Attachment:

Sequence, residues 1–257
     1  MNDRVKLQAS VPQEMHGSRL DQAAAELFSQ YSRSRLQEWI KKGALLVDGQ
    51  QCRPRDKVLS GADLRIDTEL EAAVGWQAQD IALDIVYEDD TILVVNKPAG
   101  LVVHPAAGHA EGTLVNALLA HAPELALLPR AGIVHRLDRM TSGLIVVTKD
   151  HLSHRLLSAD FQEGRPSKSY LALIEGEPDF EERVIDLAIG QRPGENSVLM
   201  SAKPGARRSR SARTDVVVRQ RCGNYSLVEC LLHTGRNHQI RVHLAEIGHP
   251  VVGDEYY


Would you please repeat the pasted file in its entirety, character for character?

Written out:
Sequence, residues 1–257
     1  MNDRVKLQAS VPQEMHGSRL DQAAAELFSQ YSRSRLQEWI KKGALLVDGQ
    51  QCRPRDKVLS GADLRIDTEL EAAVGWQAQD IALDIVYEDD TILVVNKPAG
   101  LVVHPAAGHA EGTLVNALLA HAPELALLPR AGIVHRLDRM TSGLIVVTKD
   151  HLSHRLLSAD FQEGRPSKSY LALIEGEPDF EERVIDLAIG QRPGENSVLM
   201  SAKPGARRSR SARTDVVVRQ RCGNYSLVEC LLHTGRNHQI RVHLAEIGHP
   251  VVGDEYY